Loss of 'underwater rain forests' threatens future
The Earth is losing its “underwater rain forests," posing a severe threat to the balance of ecosystems, experts attending the Sixth World Water Source Summit in Shanghai have heard.
Oceans supply half of the oxygen on Earth, and coral reefs are the lungs of oceans. Also, they provide a home for 25 percent of all marine life, with an estimated one billion people depending on them for food and income, according to World Wildlife Fund.
Statistics from 1985 to 2020, however, show that coral reefs are bleaching, or losing colors and turning white, nearly seven times as frequently as they did in the 1980s.
Coral bleaching used to take place once every 27 years, but they are happening every four years now, according to the China Natural Resources News, a newspaper administered by the Ministry of Natural Resources of China
In March, the Great Barrier Reef, one of the seven wonders of the natural world, experienced the third mass coral bleaching event in five years, the most widespread and the second most severe on record.
The France-based Tara Ocean Foundation, which studies the ocean environment and climate change, has launched more than 5,000 underwater expeditions in the Asia Pacific region. Mass coral bleaching and die-offs were everywhere they dived, Michel Temman, project director of Tara in Asia, told the summit.
China has not been spared. In August, severe coral bleaching, described as a rarely-seen event, was spotted on the northwest of the Hainan Island. Li Yuanchao, associate researcher at the Hainan Academy of Ocean and Fisheries Sciences, said it has killed more than 86 percent of the coral.
Early this year, marine scientists at the University of Hawaii estimated that 70 to 90 percent of all coral reefs will disappear over the next 20 years, and they will face extinction by 2100.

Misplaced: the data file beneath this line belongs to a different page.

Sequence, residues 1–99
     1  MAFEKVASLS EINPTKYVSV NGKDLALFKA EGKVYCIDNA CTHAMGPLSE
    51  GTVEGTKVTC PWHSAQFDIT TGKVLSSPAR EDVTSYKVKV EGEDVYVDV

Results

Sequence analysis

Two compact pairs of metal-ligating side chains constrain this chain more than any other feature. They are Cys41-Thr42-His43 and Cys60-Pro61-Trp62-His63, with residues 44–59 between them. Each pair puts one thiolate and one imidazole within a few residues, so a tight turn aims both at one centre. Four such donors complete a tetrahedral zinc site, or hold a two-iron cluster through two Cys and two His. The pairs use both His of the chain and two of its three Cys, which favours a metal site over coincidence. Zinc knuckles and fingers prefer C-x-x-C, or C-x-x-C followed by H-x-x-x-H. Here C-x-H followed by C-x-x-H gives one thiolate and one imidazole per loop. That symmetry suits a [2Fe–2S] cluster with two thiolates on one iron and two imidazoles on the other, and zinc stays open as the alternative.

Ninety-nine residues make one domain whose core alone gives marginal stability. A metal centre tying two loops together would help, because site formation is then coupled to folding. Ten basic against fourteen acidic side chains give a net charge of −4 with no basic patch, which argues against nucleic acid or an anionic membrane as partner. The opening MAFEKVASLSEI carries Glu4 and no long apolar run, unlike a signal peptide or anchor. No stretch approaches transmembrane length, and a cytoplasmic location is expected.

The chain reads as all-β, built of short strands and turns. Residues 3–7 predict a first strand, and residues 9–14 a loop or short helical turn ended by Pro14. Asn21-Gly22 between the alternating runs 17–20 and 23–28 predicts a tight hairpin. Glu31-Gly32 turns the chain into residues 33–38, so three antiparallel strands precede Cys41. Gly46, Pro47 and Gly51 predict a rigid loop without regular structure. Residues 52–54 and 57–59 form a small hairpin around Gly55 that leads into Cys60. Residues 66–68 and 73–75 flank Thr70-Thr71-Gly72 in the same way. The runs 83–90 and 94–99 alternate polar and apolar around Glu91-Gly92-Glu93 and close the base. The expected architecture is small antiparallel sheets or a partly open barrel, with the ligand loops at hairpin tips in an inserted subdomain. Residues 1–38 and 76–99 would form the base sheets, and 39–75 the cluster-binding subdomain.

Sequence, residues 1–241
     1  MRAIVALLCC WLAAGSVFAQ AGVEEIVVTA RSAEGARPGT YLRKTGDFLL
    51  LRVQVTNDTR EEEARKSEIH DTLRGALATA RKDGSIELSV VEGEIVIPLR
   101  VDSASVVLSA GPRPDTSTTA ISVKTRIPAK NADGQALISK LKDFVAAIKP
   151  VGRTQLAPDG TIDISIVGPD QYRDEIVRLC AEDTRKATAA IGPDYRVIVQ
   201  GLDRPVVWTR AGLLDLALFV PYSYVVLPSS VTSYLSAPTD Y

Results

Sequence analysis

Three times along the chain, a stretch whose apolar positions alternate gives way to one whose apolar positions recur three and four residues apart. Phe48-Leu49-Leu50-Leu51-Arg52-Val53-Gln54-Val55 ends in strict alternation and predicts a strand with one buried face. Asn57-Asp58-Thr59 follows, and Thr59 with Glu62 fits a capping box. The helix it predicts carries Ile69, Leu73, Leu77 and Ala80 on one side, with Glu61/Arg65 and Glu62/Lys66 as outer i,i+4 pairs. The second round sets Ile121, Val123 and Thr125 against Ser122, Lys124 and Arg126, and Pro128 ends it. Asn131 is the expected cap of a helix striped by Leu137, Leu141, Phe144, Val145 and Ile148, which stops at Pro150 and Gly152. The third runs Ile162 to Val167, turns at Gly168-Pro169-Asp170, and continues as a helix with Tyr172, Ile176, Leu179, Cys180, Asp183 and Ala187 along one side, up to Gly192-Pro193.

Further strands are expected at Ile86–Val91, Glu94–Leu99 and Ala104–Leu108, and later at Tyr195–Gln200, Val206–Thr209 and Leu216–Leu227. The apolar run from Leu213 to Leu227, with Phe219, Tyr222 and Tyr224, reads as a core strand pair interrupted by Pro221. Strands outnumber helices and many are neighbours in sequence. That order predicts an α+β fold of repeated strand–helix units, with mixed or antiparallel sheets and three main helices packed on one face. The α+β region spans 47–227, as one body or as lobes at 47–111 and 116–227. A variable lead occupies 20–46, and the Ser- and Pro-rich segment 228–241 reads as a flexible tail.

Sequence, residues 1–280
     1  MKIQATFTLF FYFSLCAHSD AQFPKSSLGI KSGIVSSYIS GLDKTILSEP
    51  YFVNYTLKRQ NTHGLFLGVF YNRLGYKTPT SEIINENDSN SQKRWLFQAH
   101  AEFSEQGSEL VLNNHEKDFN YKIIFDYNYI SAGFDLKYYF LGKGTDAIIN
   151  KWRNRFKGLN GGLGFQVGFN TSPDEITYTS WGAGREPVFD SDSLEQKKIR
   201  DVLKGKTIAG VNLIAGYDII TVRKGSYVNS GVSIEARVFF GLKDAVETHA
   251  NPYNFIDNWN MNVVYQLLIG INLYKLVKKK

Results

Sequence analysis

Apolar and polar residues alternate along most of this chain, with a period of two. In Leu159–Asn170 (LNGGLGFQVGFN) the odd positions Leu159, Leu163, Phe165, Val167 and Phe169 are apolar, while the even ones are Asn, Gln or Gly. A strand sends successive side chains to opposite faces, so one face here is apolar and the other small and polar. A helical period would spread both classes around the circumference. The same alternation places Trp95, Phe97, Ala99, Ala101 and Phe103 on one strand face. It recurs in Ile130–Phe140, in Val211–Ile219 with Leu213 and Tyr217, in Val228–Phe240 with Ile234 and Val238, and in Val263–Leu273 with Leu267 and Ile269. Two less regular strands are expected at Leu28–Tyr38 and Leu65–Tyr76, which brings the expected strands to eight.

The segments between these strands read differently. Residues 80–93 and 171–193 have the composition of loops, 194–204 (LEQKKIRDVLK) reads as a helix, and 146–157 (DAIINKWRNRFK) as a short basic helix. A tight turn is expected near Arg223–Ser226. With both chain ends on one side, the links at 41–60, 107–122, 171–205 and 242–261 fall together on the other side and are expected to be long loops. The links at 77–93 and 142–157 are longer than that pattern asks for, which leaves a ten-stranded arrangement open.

Coral bleaching is believed to be main reason behind the death of coral reefs. Main causes include over-fishing, plastic pollution, global warming and coastal development.
Temman draw special attention to plastic pollution.
Marine plankton provides the primary food source in coral reef ecosystems. But now they are feeding on marine micro-plastics.
Humans, at the top of food chain, will eventually become victims of pollution, which will be an irrevocable ecological crisis, he said.
Geologist Yang Yong, the initiator of the summit, shared his views on ecological preservation and the development of water systems in the Liangshan Yi Autonomous Prefecture of Sichuan Province and neighboring areas in Sichuan and Yunnan.
Hydro-power stations in the region contributes to one-fourth of China's installed capacity of electricity, which is twice as much as that generated by the Three Gorges Dam.
Over 20 years of field research, Yang has perceived the challenges and opportunities China’s water systems faces, especially the relation between water and humans, according to anthropologist Zhou Lei, co-founder of the social organization Oriental Danology Institute.
The summit was supported by Hengduan Mountain Research Society, TARA Ocean Foundation, Shanghai Women’s Federation, Konrad Adenauer Foundation, China Maritime Museum, Green Initiatives and Shanghai Botanical Garden.